The overall impression from reading the decisions of the first and second instance of the EUIPO is that, even when trying to anchor the reasoning in general legal principles, the final decision will depend on the judge’s own analytic examination of the marks, which seems however to contradict the principle that the assessment has to be made bearing in mind the perception of the average consumer. This is likely one of the reasons why the General Court decided to go in a different direction and ground its decision on a policy issue, to avoid encouraging anti-competitive practices that may strengthen the monopoly on an indication that the ownership of a trademark – by its nature – already confers.

In fact, the General Court observed that: (1) even where the products are similar or identical, the principle of interdependence should not be applied mechanically, and that (2) when comparing marks consisting of the same letter (regardless of stylization) one must avoid a final decision that allows an unjustified monopoly over a single capital letter of the alphabet for a specific range of goods.

In reading the decision, one recalls the decision of the EU Court of Justice in case C-84/16, which concerned a dispute between an earlier mark “X”, which was owned by Michelin, the famous producer of tires, and the trademark “XKING”, which was also filed for tires by its competitor Continental. As distinct from the case at issue, in that case, the Court of Justice pointed out that there is no rule establishing that a single letter of the alphabet is a weak distinctive mark and decided in favor of Michelin. However, in a post on IPKat, Eleonora Rosati critically observed that the decision risked enabling the owner of trademark consisting of a single letter – even if stylized – to prevent third parties from filing or using trademarks made up of the same letter, despite that they may be stylized differently or presented in combination with another word having a laudatory effect.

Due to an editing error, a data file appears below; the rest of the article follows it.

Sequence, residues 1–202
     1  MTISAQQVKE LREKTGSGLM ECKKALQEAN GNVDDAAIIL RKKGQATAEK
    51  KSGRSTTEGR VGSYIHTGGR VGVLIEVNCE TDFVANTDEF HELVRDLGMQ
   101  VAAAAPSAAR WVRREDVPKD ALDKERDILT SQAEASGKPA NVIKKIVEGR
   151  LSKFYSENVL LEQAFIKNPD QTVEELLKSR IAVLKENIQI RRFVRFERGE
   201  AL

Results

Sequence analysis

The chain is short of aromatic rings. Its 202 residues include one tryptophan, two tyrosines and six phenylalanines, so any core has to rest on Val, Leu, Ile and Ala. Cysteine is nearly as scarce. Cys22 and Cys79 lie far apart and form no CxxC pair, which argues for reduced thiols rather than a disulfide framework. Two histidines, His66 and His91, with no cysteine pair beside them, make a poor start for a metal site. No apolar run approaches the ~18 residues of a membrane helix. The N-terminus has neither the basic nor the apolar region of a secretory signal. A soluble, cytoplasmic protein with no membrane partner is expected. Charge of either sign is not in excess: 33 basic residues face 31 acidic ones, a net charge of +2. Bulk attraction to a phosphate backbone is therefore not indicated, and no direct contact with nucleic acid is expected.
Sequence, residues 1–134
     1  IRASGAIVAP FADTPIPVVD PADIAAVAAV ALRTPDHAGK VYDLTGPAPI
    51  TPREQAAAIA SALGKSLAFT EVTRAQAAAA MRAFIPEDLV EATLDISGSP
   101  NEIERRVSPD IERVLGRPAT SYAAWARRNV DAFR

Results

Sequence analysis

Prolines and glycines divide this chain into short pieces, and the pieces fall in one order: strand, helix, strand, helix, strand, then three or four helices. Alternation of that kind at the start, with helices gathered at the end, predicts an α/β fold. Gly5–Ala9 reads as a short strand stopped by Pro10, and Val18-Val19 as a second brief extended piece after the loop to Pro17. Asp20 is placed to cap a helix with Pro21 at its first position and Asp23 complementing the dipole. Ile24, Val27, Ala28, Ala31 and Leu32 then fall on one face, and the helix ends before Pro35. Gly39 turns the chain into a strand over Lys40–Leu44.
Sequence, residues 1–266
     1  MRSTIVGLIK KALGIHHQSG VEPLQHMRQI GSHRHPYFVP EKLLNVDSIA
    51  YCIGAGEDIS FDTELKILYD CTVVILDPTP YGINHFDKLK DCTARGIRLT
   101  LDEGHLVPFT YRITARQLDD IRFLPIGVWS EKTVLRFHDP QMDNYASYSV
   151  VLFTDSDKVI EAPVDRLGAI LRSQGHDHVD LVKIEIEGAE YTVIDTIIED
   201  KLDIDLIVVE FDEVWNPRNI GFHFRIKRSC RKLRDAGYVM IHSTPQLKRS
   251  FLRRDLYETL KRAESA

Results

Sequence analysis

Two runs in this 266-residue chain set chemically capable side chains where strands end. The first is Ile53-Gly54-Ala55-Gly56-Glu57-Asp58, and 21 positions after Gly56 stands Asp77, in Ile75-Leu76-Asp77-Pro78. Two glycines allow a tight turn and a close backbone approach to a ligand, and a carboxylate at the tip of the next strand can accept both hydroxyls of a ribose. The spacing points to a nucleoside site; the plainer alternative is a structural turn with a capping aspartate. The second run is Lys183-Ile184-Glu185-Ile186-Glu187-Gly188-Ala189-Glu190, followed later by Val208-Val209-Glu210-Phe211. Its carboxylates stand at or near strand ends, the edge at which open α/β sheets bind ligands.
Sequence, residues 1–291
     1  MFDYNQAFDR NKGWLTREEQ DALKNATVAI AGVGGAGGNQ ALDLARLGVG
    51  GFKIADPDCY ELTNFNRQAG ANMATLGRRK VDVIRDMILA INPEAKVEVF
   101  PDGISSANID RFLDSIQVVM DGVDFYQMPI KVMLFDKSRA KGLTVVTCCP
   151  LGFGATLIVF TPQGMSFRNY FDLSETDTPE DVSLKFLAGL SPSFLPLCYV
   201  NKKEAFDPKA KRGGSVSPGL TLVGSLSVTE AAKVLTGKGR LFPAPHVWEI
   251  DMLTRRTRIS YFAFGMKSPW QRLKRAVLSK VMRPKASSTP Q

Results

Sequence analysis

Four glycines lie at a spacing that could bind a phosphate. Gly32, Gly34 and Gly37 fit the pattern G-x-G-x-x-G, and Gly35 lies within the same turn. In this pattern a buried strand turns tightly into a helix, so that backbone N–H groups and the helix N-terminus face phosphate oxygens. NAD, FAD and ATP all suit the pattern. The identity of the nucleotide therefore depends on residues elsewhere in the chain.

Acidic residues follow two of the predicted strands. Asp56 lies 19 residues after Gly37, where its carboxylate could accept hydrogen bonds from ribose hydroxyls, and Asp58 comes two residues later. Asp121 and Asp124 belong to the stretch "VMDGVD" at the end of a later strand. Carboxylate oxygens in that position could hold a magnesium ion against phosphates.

More specifically, Rosati asserted that the reasoning of the court was erroneous (also) because the global assessment of the comparison of the marks had not been guided by the question of “how large should be the monopoly granted through the ownership of a trademark?”. In this respect, in the case at issue, by finding that there was no confusion between the marks “K”/”K WATER”, the General Court appears to instead be guided precisely by this question:

“Furthermore, a finding that amounts to recognizing a likelihood of confusion between two [marks], one consisting primarily of a highly stylized, single capital letter and the other consisting of the same capital letter but written in a very different stylization and combined with other word elements, would de facto amount to granting a monopoly over one capital letter of the alphabet for a specific range of goods. The Court has already had occasion to assess that risk, pointing out that the purpose of the opposition brought on the basis of a [mark] consisting of a single letter is to prevent the registration of a trademark which is likely to give rise to a likelihood of confusion with an earlier mark, ‘in particular on account of its stylistic similarity’. In contrast, according to the Court, the purpose of the opposition is not to prevent the registration of a trademark because it represents the same capital letter; nor is it to prevent the registration of all other trademarks consisting of such a letter.”

Should the decision be appealed before the European Court of Justice, it will indeed be interesting to see what happens.

Jacobacci & Associati is one of the European’s premier IP boutique law firms.